- Pope Francis will arrive in Ireland on Saturday to find a society transformed since the last papal visit 39 years ago
- Abuse scandals continue to mire the Catholic Church
- More than three-quarters of the Irish population flocked to see Pope John Paul II in 1979
Pope Francis will arrive in Ireland on Saturday to find a society transformed since the last papal visit 39 years ago and beset by the kind of abuse scandals that have mired the Catholic Church in crisis again.
More than three-quarters of the Irish population flocked to see Pope John Paul II in 1979 at a time when divorce and contraception were illegal. Today, Ireland is no longer staunchly Catholic and over the past three years, voters have approved abortion and gay marriage in referendums, defying the will of the church.
Numbers lining the streets or joining Francis in prayer are expected to be about a quarter of the 2.7 million who greeted John Paul II, marking how the rock that was once Irish Catholicism has eroded since child abuse cases came to light in the 1990s.
"The Catholic Church is still very much part of our society but not at the centre of it as it was 40 years ago," Prime Minister Leo Varadkar, who last year became Ireland's first gay leader, told the BBC.
"Ireland has become a very different place in the last 40 years and our relationship with the church has changed principally because of so many revelations that have occurred around child sex abuse."
Varadkar, who remarked how some his predecessors would have consulted bishops about public policy in decades past, will meet Francis at the start of the two-day visit and has promised to challenge the pope to do more in dealing with the abuse crisis.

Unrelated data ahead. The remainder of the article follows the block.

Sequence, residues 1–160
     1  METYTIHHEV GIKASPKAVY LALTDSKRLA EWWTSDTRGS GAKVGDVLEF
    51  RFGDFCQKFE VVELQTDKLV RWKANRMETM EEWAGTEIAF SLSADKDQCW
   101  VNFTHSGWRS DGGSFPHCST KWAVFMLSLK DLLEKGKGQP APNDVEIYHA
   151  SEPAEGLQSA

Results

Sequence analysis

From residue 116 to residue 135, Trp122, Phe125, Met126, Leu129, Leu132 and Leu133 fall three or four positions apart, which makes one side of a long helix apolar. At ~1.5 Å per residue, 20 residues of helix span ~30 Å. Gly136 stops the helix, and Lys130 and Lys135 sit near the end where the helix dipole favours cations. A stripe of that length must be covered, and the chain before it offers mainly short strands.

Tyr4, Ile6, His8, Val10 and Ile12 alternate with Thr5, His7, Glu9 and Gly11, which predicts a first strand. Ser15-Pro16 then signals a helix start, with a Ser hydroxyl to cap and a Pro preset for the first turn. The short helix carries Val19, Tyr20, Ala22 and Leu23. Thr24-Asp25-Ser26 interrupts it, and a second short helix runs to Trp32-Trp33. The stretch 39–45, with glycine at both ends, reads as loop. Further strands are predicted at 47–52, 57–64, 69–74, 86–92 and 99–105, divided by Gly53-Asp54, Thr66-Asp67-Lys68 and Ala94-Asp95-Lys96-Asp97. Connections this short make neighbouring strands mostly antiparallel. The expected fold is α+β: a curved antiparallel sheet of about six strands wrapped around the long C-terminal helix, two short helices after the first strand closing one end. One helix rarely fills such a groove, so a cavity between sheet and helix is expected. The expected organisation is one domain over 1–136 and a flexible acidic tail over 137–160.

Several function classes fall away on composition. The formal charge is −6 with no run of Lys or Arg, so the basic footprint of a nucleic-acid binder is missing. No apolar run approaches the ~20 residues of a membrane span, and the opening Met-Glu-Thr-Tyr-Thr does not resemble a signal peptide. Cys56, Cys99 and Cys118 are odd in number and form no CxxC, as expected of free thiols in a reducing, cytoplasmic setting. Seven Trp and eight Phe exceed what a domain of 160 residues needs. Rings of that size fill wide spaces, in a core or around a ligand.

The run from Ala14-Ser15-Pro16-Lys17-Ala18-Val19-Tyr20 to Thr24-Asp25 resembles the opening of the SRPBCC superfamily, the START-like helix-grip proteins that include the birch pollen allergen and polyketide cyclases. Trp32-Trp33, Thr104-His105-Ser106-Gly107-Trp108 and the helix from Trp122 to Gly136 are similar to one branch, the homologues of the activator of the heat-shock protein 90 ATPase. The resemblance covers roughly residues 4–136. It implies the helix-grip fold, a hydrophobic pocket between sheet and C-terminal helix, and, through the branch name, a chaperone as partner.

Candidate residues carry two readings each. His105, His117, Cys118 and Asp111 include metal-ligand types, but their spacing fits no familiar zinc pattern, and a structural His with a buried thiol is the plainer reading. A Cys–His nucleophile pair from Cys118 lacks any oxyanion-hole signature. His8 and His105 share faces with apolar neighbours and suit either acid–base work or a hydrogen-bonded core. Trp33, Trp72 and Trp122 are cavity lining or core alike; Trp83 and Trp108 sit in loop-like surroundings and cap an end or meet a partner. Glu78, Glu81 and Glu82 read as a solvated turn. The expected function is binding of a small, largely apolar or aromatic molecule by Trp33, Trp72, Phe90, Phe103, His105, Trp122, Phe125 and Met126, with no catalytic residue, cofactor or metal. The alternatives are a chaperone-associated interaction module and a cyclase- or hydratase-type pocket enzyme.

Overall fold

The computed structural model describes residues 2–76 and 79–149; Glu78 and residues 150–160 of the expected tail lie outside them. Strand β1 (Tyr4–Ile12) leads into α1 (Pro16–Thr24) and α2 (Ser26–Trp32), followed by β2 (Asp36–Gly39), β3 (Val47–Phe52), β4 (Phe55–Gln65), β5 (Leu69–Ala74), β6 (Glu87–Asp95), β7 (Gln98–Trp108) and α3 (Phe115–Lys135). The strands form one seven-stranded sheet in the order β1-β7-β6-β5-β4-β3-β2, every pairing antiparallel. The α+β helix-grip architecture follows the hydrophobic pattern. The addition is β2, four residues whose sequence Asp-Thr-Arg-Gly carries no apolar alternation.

Francis, facing sexual abuse crises in several countries, wrote an unprecedented letter to all Catholics this week asking each one of them to help root out "this culture of death" and vowing there would be no more cover ups.
He will also travel to Knock, a small western village steeped in Catholicism that welcomes 1.5 million pilgrims a year, before finishing his trip by saying mass in Dublin's Phoenix Park where a large cross erected for the 1979 visit still dominates the skyline.
The 500,000 tickets issued for the mass were quickly snapped up, although an unknown number have been booked by a boycott group called 'Say Nope To The Pope' which encouraged protestors to order tickets and not use them.
Abuse survivors and their supporters plan to gather elsewhere in Dublin during the mass, while a silent vigil will also be held at the site of a former church-run home for unwed mothers where an unmarked grave with the remains of hundreds of babies was found in 2014.
The Vatican has said Francis will meet Irish victims of clergy sexual abuse, but the pope will also be under pressure to address the recent scandals that have led to the church's worst credibility crisis in more than 15 years.
A damning report last week into abuse in the U.S. state of Pennsylvania, combined with scandals in Australia and Chile, have formed what one Vatican official called "a perfect storm" and already overshadowed a trip where the main purpose is to close a week-long international Catholic gathering.
"Each time a local church has found itself facing a scandal, it is as if the church must start all over again to understand the depths of this heart of darkness," Barbara Thorp, the former head of the office for pastoral support and child protection in the U.S. Archdiocese of Boston, where the first abuse crisis erupted in 2002, told the gathering on Friday.
"We have a raging fire within the church. Inexplicably church leaders have shown callous indifference to the suffering of children and the vulnerable and the fire rages on."